Stephen Hopkins denies alleged sex assault despite eyewitness account, in last-minute decision to testify

·2 min read
Stephen Hopkins sits at a counsel table, his legs in irons, during his trial in late May. The accused is representing himself, and decided Tuesday to testify in his defence. (Malone Mullin/CBC - image credit)
Stephen Hopkins sits at a counsel table, his legs in irons, during his trial in late May. The accused is representing himself, and decided Tuesday to testify in his defence. (Malone Mullin/CBC - image credit)

In a last-minute decision on Tuesday, Stephen Hopkins took the stand in his own trial, denying repeatedly that he ever laid a hand on — or even spoke to — the complainant he's accused of sexually assaulting.

"I did not meet [her], I did not force my way into her residence, I did not forcibly confine her, and I did not attempt any sexual intercourse … and also I did not slap her for making more noise than she ought to have," he said.

The complainant, a 17-year-old girl at the time, alleges he broke into her Cowan Heights home, forced sexual acts on her and slapped her when she screamed.

Hopkins had only made his decision to testify earlier Tuesday, after Justice Donald Burrage had given him the weekend to think about whether he wanted to take the stand in his own defence.

Hopkins, gesturing comfortably on the stand as he gave his account of that morning in September 2020, confirmed he was "servicing" the complainant's street by collecting recyclables, pushing a cart full of his personal belongings and empty cans.

He was living in a shelter at the time, he said, and had just been released from prison for a previous sex assault conviction.

"All elements of the charge are to be denied formally," Hopkins said.

"You did not meet [the complainant]?" Burrage asked.

"That's correct," Hopkins answered, before turning to Crown counsel Jennifer Standen, demanding that she remove her mask.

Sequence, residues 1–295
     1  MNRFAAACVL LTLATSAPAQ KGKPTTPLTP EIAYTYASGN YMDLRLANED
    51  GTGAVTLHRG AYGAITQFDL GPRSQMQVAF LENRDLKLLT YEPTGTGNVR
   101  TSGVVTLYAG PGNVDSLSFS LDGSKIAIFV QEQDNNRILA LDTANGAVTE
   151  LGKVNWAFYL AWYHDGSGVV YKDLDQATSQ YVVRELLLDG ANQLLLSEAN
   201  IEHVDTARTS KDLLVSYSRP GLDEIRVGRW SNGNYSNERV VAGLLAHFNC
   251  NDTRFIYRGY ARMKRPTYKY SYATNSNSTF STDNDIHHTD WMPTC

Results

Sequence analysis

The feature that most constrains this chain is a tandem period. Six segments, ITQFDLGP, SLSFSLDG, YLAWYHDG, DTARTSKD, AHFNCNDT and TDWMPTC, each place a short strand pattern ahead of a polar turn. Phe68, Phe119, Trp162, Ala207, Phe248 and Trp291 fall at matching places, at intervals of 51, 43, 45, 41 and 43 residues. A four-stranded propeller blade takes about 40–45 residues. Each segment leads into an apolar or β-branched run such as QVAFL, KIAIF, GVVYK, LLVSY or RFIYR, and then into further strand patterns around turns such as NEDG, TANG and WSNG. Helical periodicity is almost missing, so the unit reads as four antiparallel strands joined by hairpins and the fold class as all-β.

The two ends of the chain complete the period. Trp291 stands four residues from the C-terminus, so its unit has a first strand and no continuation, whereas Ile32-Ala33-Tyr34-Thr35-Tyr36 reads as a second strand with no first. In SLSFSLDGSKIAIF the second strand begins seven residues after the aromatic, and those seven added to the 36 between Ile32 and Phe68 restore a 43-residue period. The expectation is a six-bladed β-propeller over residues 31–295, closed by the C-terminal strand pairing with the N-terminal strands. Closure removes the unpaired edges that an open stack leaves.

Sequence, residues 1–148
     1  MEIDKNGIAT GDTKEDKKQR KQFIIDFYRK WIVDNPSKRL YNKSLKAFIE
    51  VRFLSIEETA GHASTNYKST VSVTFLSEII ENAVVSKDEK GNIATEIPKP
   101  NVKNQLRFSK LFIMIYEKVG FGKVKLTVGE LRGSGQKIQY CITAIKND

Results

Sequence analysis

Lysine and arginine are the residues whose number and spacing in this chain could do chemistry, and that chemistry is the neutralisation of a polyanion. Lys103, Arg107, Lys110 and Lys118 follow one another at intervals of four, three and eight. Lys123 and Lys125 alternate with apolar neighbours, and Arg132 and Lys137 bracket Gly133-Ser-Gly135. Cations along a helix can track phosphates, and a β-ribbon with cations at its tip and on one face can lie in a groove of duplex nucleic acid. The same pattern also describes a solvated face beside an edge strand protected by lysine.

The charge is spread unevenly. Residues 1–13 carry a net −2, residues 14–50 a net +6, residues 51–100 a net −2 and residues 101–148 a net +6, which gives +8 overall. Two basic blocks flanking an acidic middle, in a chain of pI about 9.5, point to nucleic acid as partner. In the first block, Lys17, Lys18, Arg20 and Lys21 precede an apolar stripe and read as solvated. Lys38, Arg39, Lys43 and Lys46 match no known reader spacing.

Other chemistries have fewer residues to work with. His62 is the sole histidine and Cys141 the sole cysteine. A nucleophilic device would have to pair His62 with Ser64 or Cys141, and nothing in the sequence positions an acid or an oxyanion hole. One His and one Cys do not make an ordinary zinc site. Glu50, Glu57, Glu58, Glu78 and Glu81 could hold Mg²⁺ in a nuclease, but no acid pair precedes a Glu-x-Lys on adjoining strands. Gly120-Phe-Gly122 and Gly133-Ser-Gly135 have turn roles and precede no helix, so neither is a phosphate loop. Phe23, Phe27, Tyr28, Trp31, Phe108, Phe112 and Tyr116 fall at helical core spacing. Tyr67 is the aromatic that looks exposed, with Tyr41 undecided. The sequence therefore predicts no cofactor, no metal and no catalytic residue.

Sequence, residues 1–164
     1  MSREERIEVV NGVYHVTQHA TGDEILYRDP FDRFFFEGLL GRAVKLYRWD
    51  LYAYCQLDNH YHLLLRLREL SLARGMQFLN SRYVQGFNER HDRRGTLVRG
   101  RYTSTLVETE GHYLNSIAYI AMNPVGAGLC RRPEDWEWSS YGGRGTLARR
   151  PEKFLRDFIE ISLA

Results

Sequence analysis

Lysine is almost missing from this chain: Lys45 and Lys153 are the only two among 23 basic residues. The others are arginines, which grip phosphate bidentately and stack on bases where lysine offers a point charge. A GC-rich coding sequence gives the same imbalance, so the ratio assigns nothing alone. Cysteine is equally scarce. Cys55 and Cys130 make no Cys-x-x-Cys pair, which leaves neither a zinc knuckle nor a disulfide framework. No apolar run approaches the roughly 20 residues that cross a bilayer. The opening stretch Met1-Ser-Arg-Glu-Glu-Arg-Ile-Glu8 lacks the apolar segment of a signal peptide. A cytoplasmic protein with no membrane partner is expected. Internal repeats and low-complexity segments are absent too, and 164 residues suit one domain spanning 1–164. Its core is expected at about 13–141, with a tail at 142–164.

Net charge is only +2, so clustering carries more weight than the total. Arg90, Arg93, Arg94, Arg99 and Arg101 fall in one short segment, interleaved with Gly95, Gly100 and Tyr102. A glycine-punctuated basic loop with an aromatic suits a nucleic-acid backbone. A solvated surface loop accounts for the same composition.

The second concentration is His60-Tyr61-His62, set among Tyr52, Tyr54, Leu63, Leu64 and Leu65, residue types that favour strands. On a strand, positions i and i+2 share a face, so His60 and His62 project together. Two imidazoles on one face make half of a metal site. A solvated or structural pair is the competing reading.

"I can't understand you," Hopkins said repeatedly, at one point laughing loudly, before allowing Standen to continue her cross-examination without interruption.

Malone Mullin/CBC
Malone Mullin/CBC

"Did you see [the complainant]?" Standen asked.

"I did see her," Hopkins said. "There was a rather spunky female well into her 20s who looked toward me and pointed with some attitude."

He went on to say the complainant was in the middle of the road, calling out to him and "talking to nobody;" five minutes later, Hopkins said, he was arrested.

Witnesses, DNA conflict with Hopkins's account

Standen has produced an array of evidence in her prosecution, ranging from eyewitness testimony placing Hopkins inside the complainant's home to DNA evidence found on the complainant's body.

She referred to that evidence as she needled Hopkins on the stand, suggesting that he was highly recognizable and that witness descriptions matched him exactly.

"Everybody in the city knows who I am," Hopkins agreed.

"Do you suggest there was a man pushing recyclables at the same time as you, who looks like you, who attacked her?" Standen asked. "I'm going to suggest to you that there was no other man that day."

"I do not meet the identity of the person who assaulted her," Hopkins replied. "It's no evidence of my guilt that I was in the area."

Hopkins, who has declined a lawyer and is representing himself, will give his final argument to Burrage on Monday.

Read more from CBC Newfoundland and Labrador

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